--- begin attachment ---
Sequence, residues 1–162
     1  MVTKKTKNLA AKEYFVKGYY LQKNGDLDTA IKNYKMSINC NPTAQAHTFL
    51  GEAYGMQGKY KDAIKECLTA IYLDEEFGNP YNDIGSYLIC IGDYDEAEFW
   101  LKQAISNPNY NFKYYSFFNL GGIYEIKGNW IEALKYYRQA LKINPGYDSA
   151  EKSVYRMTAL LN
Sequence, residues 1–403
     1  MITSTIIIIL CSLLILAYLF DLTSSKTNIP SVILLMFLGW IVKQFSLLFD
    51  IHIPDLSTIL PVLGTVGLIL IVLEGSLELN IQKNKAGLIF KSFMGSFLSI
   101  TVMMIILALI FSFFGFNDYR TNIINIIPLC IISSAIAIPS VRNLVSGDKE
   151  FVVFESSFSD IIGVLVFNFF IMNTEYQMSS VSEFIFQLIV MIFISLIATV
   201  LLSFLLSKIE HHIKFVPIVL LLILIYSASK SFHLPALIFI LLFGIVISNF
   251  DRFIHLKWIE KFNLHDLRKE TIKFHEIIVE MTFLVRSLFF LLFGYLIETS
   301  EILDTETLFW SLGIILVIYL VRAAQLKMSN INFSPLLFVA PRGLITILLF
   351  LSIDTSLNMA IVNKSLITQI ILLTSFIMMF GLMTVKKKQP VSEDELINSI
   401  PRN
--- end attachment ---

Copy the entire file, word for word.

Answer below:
Sequence, residues 1–162
     1  MVTKKTKNLA AKEYFVKGYY LQKNGDLDTA IKNYKMSINC NPTAQAHTFL
    51  GEAYGMQGKY KDAIKECLTA IYLDEEFGNP YNDIGSYLIC IGDYDEAEFW
   101  LKQAISNPNY NFKYYSFFNL GGIYEIKGNW IEALKYYRQA LKINPGYDSA
   151  EKSVYRMTAL LN
Sequence, residues 1–403
     1  MITSTIIIIL CSLLILAYLF DLTSSKTNIP SVILLMFLGW IVKQFSLLFD
    51  IHIPDLSTIL PVLGTVGLIL IVLEGSLELN IQKNKAGLIF KSFMGSFLSI
   101  TVMMIILALI FSFFGFNDYR TNIINIIPLC IISSAIAIPS VRNLVSGDKE
   151  FVVFESSFSD IIGVLVFNFF IMNTEYQMSS VSEFIFQLIV MIFISLIATV
   201  LLSFLLSKIE HHIKFVPIVL LLILIYSASK SFHLPALIFI LLFGIVISNF
   251  DRFIHLKWIE KFNLHDLRKE TIKFHEIIVE MTFLVRSLFF LLFGYLIETS
   301  EILDTETLFW SLGIILVIYL VRAAQLKMSN INFSPLLFVA PRGLITILLF
   351  LSIDTSLNMA IVNKSLITQI ILLTSFIMMF GLMTVKKKQP VSEDELINSI
   401  PRN